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A sweeping federal rule from the Environmental Protection Agency, aggressive enforcement by a state attorney general, a landmark international accord, and the persistent demands of investors are combining to bring increased scrutiny to public companies' climate-change-related disclosures. 

The Securities and Exchange Commission (SEC) published “Commission Guidance Regarding Disclosure Related to Climate Change” on February 8, 2010.1 Although lauded by certain stakeholders at the time, the SEC's interpretive release has, since then, generally been perceived as having a limited impact on the quantity and quality of environmental disclosures. Recently, some stakeholders called on the SEC to do more to push companies to both include and improve their discussion of climate change in corporate filings. And according to a representative from Ceres, a nonprofit organization that has been a long-standing proponent of greater corporate climate-change-related disclosures, the SEC has fallen off its early pace in identifying concerns with the content of those disclosures; while the SEC issued 49 comment letters on climate change disclosures in 2010 and 2011, it issued only three over the next two years.2 A recent Government Accountability Office report suggests that the SEC's priorities have shifted since the guidance came out in 2010. The report, released February 8, 2016, notes conversations with SEC staff in which the staff say that “the agency has no plans to specifically determine if additional actions related to disclosure of climate-related risks are necessary.”3Nevertheless, even absent increased attention from the SEC, changes to the risks and regulatory burdens facing companies, like the recently promulgated (and more recently stayed) Clean Power Plan, the commitments made by the United States and the rest of the world in Paris to address climate change, and the physical changes brought on by climate change itself may obligate companies to increase their climate change-related disclosures in accordance with the 2010 guidance.

The Framework: Regulation S-K and the 2010 Release

Regulation S-K generally governs the non-financial statement disclosure obligations of domestic companies subject to the SEC's reporting requirements. The general guidelines of Regulation S-K implicitly and, in some cases, explicitly encompass environmental matters—especially Items 101 (which requires disclosure of any material effects of complying with environmental laws), 103 (which requires disclosure of material legal proceedings and includes specific guidance with respect to environmental legal proceedings), 303 (which requires identification of material trends and uncertainties affecting the business), and 503(c) (which requires disclosure of the most significant risk factors the company faces).4

The 2010 guidance doesn't revise or add new regulations to this existing framework. But it does clarify that companies may well be required to make climate change-related disclosures under the existing Regulation S-K. The guidance describes the intersection between climate change and Regulation S-K by identifying four potential triggers for disclosure: (1) developments in federal and state legislation and regulations regarding climate change, (2) treaties and other international accords, (3) the indirect consequences and business trends brought on by climate change, and (4) the physical effects of climate change.

Trigger 1: The Clean Power Plan

The Clean Power Plan directly addresses the first trigger. While the Clean Power Plan was dealt a blow yesterday when the Supreme Court ordered a stay pending the outcome of litigation challenging the rule, if it survives the legal challenges, it will have a substantial practical impact that will likely translate to a broad impact on corporate climate change disclosures as well. The Clean Power Plan is made up of two primary components. First, it sets tight limits on the greenhouse gas emissions from any new, modified, or reconstructed power plant. Second, it sets a greenhouse gas emissions guideline that applies to states; the state is then responsible for devising a plan to meet the emissions reduction targets that the Clean Power Plan sets. The two components, mixing federal decree and state empowerment, will result in a complex web of climate change regulation to which companies will have to respond, and about which those companies will have to report to their investors if material.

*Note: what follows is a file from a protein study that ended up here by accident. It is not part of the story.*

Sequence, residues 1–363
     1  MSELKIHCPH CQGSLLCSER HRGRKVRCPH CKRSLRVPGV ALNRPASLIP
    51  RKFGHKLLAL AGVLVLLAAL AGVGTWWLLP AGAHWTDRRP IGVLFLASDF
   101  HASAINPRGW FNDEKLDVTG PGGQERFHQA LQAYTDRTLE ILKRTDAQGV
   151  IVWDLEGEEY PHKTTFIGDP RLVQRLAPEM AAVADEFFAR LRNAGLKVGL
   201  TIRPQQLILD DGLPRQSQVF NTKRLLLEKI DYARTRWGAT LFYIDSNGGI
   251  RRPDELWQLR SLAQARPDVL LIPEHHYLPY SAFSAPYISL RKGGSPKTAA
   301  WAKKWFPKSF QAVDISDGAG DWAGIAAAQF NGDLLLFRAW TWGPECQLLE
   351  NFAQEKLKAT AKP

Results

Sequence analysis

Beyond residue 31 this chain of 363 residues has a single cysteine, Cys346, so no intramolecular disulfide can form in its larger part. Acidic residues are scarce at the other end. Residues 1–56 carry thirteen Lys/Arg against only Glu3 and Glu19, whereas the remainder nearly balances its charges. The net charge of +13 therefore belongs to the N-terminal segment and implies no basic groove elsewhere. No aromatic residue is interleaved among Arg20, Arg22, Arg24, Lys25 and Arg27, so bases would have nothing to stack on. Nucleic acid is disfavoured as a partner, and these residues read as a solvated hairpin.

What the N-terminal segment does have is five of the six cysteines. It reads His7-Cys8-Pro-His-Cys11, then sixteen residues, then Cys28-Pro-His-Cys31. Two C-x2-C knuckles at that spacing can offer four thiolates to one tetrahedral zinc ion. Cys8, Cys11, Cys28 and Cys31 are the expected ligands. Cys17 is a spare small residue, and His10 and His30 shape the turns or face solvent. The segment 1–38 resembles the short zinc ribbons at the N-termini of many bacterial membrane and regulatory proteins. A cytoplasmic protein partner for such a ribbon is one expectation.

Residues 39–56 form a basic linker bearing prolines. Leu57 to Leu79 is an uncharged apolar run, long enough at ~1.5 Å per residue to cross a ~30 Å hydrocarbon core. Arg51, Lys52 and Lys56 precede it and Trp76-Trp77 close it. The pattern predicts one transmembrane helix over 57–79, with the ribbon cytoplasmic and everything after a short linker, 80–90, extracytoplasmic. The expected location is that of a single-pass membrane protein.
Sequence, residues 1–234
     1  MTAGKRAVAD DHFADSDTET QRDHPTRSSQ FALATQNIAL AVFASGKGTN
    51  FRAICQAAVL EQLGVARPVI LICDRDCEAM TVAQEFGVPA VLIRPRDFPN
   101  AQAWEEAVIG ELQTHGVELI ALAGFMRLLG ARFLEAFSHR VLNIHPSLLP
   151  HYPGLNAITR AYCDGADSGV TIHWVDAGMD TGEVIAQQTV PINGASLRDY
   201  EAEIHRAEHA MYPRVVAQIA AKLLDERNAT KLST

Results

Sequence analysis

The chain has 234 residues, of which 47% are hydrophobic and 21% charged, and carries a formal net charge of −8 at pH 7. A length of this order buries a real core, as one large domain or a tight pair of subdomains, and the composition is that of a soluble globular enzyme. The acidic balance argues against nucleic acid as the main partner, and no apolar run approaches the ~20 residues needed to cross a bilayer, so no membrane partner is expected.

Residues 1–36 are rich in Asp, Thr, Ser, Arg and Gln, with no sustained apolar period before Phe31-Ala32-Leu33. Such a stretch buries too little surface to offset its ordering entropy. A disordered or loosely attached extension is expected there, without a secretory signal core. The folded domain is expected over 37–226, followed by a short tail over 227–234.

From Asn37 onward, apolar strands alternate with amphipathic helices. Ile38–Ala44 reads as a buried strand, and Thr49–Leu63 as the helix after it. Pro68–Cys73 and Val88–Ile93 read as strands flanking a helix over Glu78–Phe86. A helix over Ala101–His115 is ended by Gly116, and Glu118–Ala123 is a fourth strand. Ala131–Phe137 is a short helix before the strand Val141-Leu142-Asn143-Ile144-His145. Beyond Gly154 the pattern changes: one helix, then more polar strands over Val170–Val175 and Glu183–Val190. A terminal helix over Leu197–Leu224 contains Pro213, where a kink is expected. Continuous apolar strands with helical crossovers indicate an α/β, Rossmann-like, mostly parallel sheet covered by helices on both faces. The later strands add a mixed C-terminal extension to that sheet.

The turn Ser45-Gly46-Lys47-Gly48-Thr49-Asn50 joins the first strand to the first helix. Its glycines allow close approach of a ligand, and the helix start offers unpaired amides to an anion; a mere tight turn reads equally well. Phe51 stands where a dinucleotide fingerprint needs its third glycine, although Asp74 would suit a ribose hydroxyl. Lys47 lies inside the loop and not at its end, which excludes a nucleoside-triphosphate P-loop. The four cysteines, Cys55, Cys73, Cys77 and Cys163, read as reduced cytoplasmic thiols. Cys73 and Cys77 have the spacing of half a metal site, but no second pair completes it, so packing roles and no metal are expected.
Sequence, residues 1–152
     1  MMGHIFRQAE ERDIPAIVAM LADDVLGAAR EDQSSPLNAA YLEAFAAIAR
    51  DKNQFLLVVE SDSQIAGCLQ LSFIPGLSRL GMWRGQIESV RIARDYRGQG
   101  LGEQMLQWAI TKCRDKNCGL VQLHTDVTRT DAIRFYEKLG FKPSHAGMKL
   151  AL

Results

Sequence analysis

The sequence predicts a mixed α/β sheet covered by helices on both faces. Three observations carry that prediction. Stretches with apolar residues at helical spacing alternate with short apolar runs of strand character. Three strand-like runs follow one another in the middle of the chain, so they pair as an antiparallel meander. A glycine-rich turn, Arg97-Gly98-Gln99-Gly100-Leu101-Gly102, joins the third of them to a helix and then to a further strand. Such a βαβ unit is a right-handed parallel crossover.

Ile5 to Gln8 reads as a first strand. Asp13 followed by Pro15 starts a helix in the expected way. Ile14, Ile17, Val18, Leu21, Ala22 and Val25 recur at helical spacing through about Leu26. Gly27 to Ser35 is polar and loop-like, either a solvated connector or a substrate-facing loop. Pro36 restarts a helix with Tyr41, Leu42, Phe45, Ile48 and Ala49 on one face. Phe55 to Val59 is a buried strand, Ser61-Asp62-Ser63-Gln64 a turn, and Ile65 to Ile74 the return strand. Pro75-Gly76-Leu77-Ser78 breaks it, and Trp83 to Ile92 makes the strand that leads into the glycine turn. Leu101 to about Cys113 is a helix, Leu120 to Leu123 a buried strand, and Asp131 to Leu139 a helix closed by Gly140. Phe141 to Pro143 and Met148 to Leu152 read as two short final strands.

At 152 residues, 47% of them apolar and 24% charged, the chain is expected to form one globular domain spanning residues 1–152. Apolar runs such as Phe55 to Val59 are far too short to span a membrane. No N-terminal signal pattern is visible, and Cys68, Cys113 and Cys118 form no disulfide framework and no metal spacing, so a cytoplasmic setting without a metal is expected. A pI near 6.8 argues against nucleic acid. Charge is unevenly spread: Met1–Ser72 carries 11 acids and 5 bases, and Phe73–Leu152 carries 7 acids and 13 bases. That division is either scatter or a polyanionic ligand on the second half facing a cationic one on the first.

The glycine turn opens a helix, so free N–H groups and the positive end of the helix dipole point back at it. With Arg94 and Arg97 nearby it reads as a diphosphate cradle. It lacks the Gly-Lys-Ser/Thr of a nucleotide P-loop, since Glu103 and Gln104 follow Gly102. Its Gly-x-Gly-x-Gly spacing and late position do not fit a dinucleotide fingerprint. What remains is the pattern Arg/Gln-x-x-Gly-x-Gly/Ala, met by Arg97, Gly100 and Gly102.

In particular, this regulatory regime, if ultimately implemented, will affect the business model of and so likely create disclosure obligations for companies that build and operate power plants, particularly those who deal primarily in coal. The secondary effects could also place disclosure obligations on the utilities that those generation companies serve, and the mining and exploration and production companies that serve them, as well as manufacturing companies and companies from other industries that are large consumers of electricity.

Corporate disclosures, of course, are not all about the restrictive impact of government regulation. Opportunities created by a regulatory regime are part of corporate reports, and so it is with opportunities created by climate change regulation. If the Clean Power Plan depresses the market for new natural gas- and, especially, coal-fired power plants, it may at the same time make new generation from renewable energy sources more attractive and economically feasible. Renewable energy companies and companies engaged in the research and development of carbon capture and other clean coal technologies may see a favorable business trend where energy companies that deal in fossil fuels do not. State plans that adopt a flexible approach—for example, an approach similar to the carbon trading regimes in California and the Northeast—may also create opportunities for energy companies dealing in fossil fuels that are better able than their competitors to reduce the carbon emissions of their fleet and utilities that can position themselves to earn credits for creating end-user energy efficiency gains.